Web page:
Why you can trust TechRadar We spend hours testing every product or service we review, so you can be sure you’re buying the best. Find out more about how we test.
Many will have hoped that Photos would somehow bridge the gap between iPhoto and Aperture and maybe make an acceptable substitute for the latter. It doesn't. Aperture users hanging on to see what Photos would be like will have to heave a heavy sigh and migrate to Lightroom after all.
Instead, you should think of Photos as the 'new' iPhoto, and it does this rather well. You can see what Apple has done with the iOS and iCloud integration and Photos does give a uniform experience across all these platforms, and the use of date and location info to group images is clever – though it does rather lock out regular digital camera images.
The 5Gb free storage is nowhere near enough, however. It means that just at the point where you're starting to think this could be useful, Apple asks you for some money to upgrade your storage. That's bad salesmanship.
The project/gift item tools look very much like those in iPhoto or Aperture and, again, you're locked in to Apple's own gift and printing service. If you want to use a third-party service you'll need to export your images to the Finder and take it from there.
The new editing tools are very good, however. They work on both JPEG and raw images, so even more advanced photographers won't be left out – though, irritatingly, if you try to import JPEG/raw pairs, which many photographers shoot, Photos displays them as a single item with the JPEG version displayed. It's not clear how you're supposed to get to the raw file without deleting them all and re-importing the files choosing the raw versions only.
The adjustments in Photos are non-destructive, so you can go back and undo any changes you've made at any point in the future – or, if you like to see side-by-side comparisons, you can make a copy of the picture first and then edit that.
Like iPhoto (and Aperture), Photos will import your photos into its internal library by default, but you can also 'reference' them in their existing location to keep down the size of your library.
But even though the editing tools are good, Photos still offers only the most basic of image-editing tools. In fact, you should think of it as a 'photo enhancer' rather than an image-editor. Worryingly, there seems to be no provision for external editors like Elements or Photoshop – in iPhoto you could nominate an external editor for more advanced adjustments.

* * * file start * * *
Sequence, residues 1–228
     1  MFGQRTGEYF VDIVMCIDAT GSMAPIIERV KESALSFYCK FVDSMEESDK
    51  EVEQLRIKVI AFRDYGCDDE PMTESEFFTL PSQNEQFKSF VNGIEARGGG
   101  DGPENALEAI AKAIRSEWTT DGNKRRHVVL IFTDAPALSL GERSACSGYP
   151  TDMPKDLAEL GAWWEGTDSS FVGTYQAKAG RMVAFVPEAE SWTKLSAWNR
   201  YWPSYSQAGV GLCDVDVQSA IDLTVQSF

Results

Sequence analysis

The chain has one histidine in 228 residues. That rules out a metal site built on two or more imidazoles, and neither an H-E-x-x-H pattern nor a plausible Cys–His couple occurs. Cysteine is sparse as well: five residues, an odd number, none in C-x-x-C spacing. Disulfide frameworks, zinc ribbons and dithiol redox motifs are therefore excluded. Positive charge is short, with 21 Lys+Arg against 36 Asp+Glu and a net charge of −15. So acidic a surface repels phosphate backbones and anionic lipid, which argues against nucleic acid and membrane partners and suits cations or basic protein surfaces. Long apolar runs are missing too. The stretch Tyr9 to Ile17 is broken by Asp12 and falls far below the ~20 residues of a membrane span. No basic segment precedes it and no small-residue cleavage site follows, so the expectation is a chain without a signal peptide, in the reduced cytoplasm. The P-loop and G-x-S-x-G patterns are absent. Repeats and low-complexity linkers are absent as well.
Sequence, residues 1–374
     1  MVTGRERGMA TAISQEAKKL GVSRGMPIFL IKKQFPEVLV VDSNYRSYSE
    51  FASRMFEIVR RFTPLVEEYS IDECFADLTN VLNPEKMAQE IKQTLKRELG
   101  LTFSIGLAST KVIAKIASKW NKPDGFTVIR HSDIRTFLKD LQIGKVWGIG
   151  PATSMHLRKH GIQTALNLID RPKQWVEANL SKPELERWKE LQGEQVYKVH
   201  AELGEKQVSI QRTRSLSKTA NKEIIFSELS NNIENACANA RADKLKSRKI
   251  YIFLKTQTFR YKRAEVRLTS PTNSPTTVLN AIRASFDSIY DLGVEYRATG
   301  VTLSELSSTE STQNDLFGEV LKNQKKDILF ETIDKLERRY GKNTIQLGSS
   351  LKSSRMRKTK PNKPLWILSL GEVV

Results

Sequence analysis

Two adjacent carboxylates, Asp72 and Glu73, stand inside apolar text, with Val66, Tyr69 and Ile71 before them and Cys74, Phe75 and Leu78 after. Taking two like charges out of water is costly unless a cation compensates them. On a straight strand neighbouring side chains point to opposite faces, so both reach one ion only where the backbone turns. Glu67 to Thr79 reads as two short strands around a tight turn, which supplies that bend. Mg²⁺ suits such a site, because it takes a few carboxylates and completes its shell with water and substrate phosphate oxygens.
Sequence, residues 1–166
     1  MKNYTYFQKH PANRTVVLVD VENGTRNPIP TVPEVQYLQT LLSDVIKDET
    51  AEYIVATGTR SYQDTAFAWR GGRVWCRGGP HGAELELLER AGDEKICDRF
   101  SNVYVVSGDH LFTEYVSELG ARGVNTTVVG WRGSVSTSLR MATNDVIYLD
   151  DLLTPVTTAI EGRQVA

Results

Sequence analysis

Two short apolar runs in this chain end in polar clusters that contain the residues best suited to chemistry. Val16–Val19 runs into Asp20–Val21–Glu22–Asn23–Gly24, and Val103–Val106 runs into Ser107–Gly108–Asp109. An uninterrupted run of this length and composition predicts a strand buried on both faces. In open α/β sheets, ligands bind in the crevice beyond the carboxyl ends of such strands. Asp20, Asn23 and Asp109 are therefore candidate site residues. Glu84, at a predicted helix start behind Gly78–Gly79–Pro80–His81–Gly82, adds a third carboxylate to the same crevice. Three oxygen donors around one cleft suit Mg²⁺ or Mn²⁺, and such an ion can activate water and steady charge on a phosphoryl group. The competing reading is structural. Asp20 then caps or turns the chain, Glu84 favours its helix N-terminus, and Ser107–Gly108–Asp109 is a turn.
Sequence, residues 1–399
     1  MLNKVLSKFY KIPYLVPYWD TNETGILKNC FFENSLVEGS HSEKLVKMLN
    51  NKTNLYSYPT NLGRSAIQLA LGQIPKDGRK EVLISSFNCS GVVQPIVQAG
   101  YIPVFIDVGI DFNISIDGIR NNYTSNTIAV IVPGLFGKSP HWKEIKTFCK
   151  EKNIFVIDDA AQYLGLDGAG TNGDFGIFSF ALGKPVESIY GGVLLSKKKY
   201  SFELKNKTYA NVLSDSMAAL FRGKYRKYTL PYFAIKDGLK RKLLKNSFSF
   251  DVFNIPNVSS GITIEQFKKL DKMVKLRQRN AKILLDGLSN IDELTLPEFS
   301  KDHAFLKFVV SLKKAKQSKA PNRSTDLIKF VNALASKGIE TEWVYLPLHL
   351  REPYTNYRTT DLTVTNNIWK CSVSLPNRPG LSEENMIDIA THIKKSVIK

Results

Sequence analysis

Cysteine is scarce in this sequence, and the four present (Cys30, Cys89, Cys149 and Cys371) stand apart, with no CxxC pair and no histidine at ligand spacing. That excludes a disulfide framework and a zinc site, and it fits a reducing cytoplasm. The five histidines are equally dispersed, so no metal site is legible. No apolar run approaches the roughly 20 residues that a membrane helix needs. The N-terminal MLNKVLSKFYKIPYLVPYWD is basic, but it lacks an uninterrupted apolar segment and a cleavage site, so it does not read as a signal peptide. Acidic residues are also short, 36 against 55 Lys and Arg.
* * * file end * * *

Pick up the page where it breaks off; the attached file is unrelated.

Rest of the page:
Photos' automatic grouping using location data (if your pictures have it) and dates works very well, so that if you're not really into digital imaging and you just want a tool to help you organise and find your shots simply, it's really effective.
And while there are some minor differences across platforms, Photos really does provide a unified photo browsing and editing experience whatever device you're using.
The editing tools are a big step up from those in iPhoto, too, and while they won't replace those in a proper image-editor, they're fine for enhancing less-than-perfect pictures, which, for most casual snappers, is all you really want.
Apple has pitched Photos at a much lower level than many would have been hoping for. It's great for casual photographers who simply use a camera to record their lives, but for people whose hobby is photography, it's too limiting.
Worse than that, the thing at the very heart of this new system – iCloud – feels like the weakest link. Upload speeds will always depend on the speed of your connection, of course, and while all your pictures everywhere instantly might be the dream, the reality involves a good deal more patience. It's measly free storage limit that really grates, though. Apple users pay plenty for the hardware, so they might expect Apple to cut them some slack with online storage.
Photos is slick, efficient and in many respects unexpectedly powerful. It's free, it runs on all your Apple devices and delivers the same experience – and the same photos – on all of them. But perhaps the best way to sum it up is to say that it's designed for people who take photographs; it's not designed for photographers.